What You Need to Know Before You Go Vegetarian or Vegan - Virtua Article

What You Need to Know Before You Go Vegetarian or Vegan

By Gale Cohen, RD, Registered Dietitian—Virtua Nutrition & Diabetes Care

It may seem trendy to “go” vegetarian or vegan. But it might be a lifestyle choice to follow since it has some valuable health benefits. Plant-based diets can be lower in calories, cholesterol, added sugar, salt and fat—but that’s IF you’re making healthy food choices and controlling portions. They are also high in fiber, phytochemicals and minerals such as potassium and magnesium. And, a plant-based diet can reduce your risk of developing type 2 diabetes and heart disease—and can play an important role in weight management and digestive health.

If you’re thinking about going vegetarian or vegan, here are a few important things to consider before changing to a plant-based lifestyle.

Know your goals

The first step in choosing a plant-based diet is setting a goal for what you want to achieve through this dietary change. Some people choose to adopt a plant-based diet for environmental, ethical or religious reasons. Other people adopt a plant-based diet to help them lose weight or manage their weight, improve digestive health or prevent a health problem or event, such as diabetes or a heart attack.

Choose the right plant-based diet for you

Regardless of whether you’re looking to make a temporary or permanent lifestyle change, you and your primary care provider or registered dietitian can discuss your goals, and choose a diet that best meets your needs. And when it comes to plant-based diets, there are many variations to choose from. 

Vegetarians, for example, don’t eat any meat (beef, pork, poultry, lamb, and game meat), fish or seafood. One major distinction among vegetarians is whether they eat milk or eggs. Lacto-ovo vegetarians eat both milk and eggs, while ovo vegetarians eat eggs, but not milk. A pescatarian diet includes seafood and fish, but excludes meat.

A vegan diet—the strictest plant-based diet—contains no meat, seafood, fish, dairy, eggs or honey. Many vegans also don’t wear clothing made from animals, such as leather, or eat animal-derived food additives such as gelatin.

Within your chosen diet, your registered dietitian can help you choose foods that provide maximum nutritional value and help you meet your health goals. For example, if you’re trying to reduce your risk of heart disease, your registered dietitian can help you plan a diet rich in low-sodium, low-fat foods that are high in soluble fiber and potassium.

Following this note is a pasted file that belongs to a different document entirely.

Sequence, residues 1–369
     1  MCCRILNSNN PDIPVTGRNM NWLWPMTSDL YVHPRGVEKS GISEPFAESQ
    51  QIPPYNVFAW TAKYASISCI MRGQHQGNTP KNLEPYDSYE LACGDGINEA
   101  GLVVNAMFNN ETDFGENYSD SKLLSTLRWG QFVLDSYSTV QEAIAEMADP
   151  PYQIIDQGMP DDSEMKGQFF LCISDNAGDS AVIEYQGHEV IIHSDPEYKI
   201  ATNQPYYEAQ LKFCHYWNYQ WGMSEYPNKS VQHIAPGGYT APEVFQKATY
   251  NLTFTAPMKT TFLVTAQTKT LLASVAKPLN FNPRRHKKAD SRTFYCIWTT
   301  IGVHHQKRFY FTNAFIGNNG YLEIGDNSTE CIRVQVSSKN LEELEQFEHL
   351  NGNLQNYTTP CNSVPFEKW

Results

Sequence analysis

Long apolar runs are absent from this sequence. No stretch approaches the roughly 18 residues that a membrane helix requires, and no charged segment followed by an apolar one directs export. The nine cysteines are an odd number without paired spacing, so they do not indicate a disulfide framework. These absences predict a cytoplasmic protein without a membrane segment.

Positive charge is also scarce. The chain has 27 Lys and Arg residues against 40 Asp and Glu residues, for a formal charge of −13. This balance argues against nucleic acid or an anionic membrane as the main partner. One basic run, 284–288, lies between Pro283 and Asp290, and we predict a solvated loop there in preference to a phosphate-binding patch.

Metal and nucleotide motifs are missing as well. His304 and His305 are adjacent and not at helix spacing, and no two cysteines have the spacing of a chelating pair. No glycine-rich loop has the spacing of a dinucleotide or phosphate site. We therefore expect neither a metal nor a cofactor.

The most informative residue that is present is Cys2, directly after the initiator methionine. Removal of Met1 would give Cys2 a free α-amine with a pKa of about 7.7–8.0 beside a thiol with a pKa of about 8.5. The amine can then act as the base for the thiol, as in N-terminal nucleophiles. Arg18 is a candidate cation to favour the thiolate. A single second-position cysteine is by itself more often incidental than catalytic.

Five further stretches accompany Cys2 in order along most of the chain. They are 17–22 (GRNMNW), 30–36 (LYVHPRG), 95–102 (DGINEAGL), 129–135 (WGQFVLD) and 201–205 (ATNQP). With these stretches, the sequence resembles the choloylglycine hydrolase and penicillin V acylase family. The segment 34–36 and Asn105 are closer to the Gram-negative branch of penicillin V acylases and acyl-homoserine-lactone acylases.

Plan for your health

Getting the nutrients that your body needs while following a plant-based diet is possible—it just takes a bit more planning.

Before you make the switch to a plant-based diet, consult with a registered dietitian, who can help you figure out how to meet your body’s requirements for several important nutrients, including the following:

  • Protein: Every food group except for fruit contains some protein, so it’s possible for vegans and vegetarians to get the protein their body needs. Vegans can eat grains, beans, soy-based foods (tofu, veggie burgers), nuts, seeds, bread, nut butters, lentils and oatmeal. Vegetarians can eat eggs, Greek yogurt and cheese to meet their protein needs.
  • Iron: Greens, beans and fortified cereals contain iron. To maximize iron absorption, vegetarians and vegans also should eat fruits and vegetables that are high in vitamin C.
  • Calcium: Although vegetarians usually can meet their body’s need for calcium because they still consume dairy products, vegans can boost their calcium intake by eating dark leafy greens and almond or soymilk that’s fortified with calcium and vitamin D.
  • Vitamin B12: Vitamin B12 is a mineral that is only found in animal products, so your doctor or dietitian may recommend that you take a supplement to help meet your body’s needs. Vegetarians can have milk, yogurt, cheese and eggs, which all contain significant levels of vitamin B-12. For vegans, some foods are fortified with vitamin B-12, such as some brands of rice or soy milk, breakfast cereals and nutritional yeast.

If you’re following a plant-based diet for longer than a few months, ask your primary care provider to order blood tests to ensure your body is getting the nutrients it needs. If your blood tests show that you are deficient in any nutrients, a registered dietitian can help you increase your intake of nutrient-rich foods. Although it’s best to get your nutrients from food whenever possible, your doctor also may recommend that you take a dietary supplement.

In addition to your primary care provider and registered dietitian, there are reliable online resources that provide information to optimize your plant-based diet. The Vegetarian Resource Group and the Vegetarian Nutrition Dietetics Practice Group offer plant-based recipes, information and tips based on research.

For information on Virtua's plant-based lifestyle program or to make an appointment with a Virtua registered dietitian, call 1-888-VIRTUA-3. 

Updated February 2, 2018

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